Away from the staged celebrations, Sasha Goryunov assesses the social and political consequences for the 2018 World Cup hosts
As Russian football’s domestic season trundled towards its conclusion at the end of November, a collective feeling of ennui enveloped commentators and supporters across the country. St Petersburg, where Zenit fans celebrated the club’s second post-Soviet title, was perhaps the only exception. In Europe, as expected, Russia’s clubs gravitated towards the knockout stages of the Europa League. However, the decision taken in Zürich on December 2 gave Russia and its football a new sense of purpose. Or so it seems.
The initial reaction to FIFA awarding the 2018 World Cup to Russia was euphoric. There remained a few voices urging caution and pointing out that the country needs to move forward via decent living conditions for its citizens, improved health care and education systems for the masses rather than a football tournament.
These calls were drowned out by those proclaiming a great political victory against the old football order, an opportunity to show Russia off to the world, opening up the introverted inhabitants of a former superpower which is still trying to recover from its loss of status since 1991. And, hey, why do we always have to be those on the outside looking in? Let them come to us for a change.
Staging the tournament will be expensive. Estimates range from $20 to $50 billion (£13-£32bn), with at least $10bn coming from the state. As with any venture of such scale, it is to be expected that a sizeable chunk of financing will not reach its intended destination, none of the budgets will be adhered to and the carve-up of the contracts will be heroic.
Yet the government’s social responsibility is so low, that provided some long-term improvements, such as new roads and rail networks, are implemented, many will consider the tournament to be of benefit. Without a World Cup much of this work would never take place. As if to prove the point, Prime Minister Vladimir Putin signed off a new high-speed rail link shortly after the decision.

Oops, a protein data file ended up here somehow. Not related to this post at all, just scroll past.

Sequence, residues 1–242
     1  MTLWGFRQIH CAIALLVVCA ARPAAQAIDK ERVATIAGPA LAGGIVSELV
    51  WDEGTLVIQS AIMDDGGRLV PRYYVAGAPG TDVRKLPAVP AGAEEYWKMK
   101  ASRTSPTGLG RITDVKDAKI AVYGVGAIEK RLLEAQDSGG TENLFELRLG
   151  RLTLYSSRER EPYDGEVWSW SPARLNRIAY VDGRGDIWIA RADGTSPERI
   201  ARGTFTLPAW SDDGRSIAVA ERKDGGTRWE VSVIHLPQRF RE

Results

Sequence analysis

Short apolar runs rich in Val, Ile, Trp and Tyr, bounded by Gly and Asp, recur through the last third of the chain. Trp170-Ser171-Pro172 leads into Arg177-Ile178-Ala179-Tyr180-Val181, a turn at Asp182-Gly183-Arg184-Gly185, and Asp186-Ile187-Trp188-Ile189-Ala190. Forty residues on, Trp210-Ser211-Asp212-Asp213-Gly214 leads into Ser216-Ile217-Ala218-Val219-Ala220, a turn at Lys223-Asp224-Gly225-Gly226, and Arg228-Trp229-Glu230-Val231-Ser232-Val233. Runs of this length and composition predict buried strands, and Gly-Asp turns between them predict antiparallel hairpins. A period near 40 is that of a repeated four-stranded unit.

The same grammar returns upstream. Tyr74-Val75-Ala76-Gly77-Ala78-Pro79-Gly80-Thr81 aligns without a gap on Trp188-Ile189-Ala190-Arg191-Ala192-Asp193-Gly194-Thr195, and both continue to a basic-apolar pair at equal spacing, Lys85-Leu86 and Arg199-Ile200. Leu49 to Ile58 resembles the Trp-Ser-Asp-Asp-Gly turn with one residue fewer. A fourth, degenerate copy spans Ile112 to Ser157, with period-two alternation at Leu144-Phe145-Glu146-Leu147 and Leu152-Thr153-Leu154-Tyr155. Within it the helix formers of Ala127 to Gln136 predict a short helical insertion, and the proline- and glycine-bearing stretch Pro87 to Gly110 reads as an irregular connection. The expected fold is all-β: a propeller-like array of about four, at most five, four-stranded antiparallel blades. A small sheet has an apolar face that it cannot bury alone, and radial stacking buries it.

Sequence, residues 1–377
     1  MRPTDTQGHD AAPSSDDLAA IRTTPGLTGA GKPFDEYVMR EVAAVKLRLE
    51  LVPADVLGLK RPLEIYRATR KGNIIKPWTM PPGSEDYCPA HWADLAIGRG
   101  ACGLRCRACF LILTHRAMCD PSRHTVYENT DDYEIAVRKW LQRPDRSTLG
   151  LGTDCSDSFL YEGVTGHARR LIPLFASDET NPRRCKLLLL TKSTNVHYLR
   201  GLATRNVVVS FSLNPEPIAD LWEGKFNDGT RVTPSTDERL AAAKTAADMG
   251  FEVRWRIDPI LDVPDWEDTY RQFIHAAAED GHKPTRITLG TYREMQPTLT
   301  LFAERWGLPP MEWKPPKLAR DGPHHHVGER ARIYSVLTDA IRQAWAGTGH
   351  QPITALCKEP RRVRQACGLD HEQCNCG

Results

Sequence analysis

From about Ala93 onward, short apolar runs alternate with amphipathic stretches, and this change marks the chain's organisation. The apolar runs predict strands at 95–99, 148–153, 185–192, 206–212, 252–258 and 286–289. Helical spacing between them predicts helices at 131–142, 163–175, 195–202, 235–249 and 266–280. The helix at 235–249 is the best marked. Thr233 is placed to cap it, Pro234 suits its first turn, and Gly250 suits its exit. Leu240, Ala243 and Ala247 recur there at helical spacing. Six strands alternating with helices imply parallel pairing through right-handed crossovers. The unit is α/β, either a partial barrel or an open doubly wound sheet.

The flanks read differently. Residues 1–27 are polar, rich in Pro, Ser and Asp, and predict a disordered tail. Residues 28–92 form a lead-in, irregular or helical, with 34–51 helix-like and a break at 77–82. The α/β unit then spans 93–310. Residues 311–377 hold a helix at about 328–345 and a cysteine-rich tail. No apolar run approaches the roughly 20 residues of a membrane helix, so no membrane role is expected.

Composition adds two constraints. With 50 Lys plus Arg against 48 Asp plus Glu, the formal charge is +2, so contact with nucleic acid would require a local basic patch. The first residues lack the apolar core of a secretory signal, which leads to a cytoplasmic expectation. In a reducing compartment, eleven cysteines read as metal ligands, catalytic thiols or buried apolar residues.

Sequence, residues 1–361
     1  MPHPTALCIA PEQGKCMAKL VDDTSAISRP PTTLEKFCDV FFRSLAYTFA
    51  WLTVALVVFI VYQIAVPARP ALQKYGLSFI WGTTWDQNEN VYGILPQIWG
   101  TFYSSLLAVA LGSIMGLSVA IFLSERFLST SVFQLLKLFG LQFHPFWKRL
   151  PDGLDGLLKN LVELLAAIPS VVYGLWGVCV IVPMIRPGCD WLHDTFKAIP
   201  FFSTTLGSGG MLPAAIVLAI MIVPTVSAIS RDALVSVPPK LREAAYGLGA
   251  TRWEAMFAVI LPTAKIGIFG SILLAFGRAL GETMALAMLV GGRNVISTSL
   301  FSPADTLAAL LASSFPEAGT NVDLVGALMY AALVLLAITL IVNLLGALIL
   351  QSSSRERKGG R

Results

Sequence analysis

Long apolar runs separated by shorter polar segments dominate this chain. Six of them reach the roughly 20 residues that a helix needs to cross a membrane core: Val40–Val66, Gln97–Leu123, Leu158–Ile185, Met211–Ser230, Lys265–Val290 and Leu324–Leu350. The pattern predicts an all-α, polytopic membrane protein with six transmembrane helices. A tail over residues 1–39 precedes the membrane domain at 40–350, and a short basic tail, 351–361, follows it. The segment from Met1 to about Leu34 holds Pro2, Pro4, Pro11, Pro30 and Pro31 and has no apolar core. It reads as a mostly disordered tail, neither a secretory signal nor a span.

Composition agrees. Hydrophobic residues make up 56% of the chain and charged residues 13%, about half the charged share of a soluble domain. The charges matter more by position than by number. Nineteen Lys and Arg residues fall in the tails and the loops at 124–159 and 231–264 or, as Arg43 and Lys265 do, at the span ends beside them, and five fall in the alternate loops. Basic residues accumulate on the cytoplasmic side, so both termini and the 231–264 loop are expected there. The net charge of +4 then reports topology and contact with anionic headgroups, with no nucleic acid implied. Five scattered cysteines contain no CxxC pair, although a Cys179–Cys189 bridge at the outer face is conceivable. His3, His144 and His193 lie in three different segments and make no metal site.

Staging a World Cup does seem to give the host country a collective lift. Not financial, of course. In Why England Lose Simon Kuper and Stefan Szymanski observe that the locals are “happier” for several years after staging the tournament. I am struggling to see how this will cure the chronic social problems that Russia has experienced over recent decades. A tragic reminder came only a few days after the vote.
On December 6 a Spartak fan was killed in Moscow during an altercation with a group of migrants from the North Caucasus. The local police’s handling of the aftermath sparked a fan protest against corruption in the force, a firework-induced stoppage at a European match in Slovakia and a demonstration that degenerated into a race riot in Moscow. Violence, corruption and racism all rolled into one. Putin met with 40 representatives of clubs’ fan groups two weeks after the killing, warning against extremism and calling for vigilance, given that “they” are doing their best to take the Olympic tournament and the World Cup away from “us”.
And finally, the football. There is talk of the international attention that will be afforded Russian football now and that this should mean more transparency, fewer fixed matches, better standards of refereeing and better crowd control. Spartak will finally get their own ground. The work on Zenit’s stadium can resume now. The provincial host cities will get 25-30,000-capacity stadiums, temporarily expanding to around 45,000 for 2018. But what are the odds that teams from the host cities of Sochi, Saransk, Yaroslavl and Kaliningrad won’t be “helped” up to the top flight at the expense of clubs from Perm, Tomsk, Makhachkala and Nalchik?
On December 21 an announcement on the Amkar Perm website stated that with debts of $3.5m, the club can no longer carry on in the top flight and will be dropping down a division. Contrast this with the experience of Krylia Sovetov from the host city of Samara who were bailed out less than a year ago over debts of $80m. As money is poured into the host cities, the rest are likely to be neglected and lower-division football is likely to deteriorate into a farce.
The Russians have eight years to prepare. Top-level football in the country will be given a boost and there will be other benefits. Every step of the way, however, there is a caveat. In Russia there is no other way.
From WSC 288 February 2011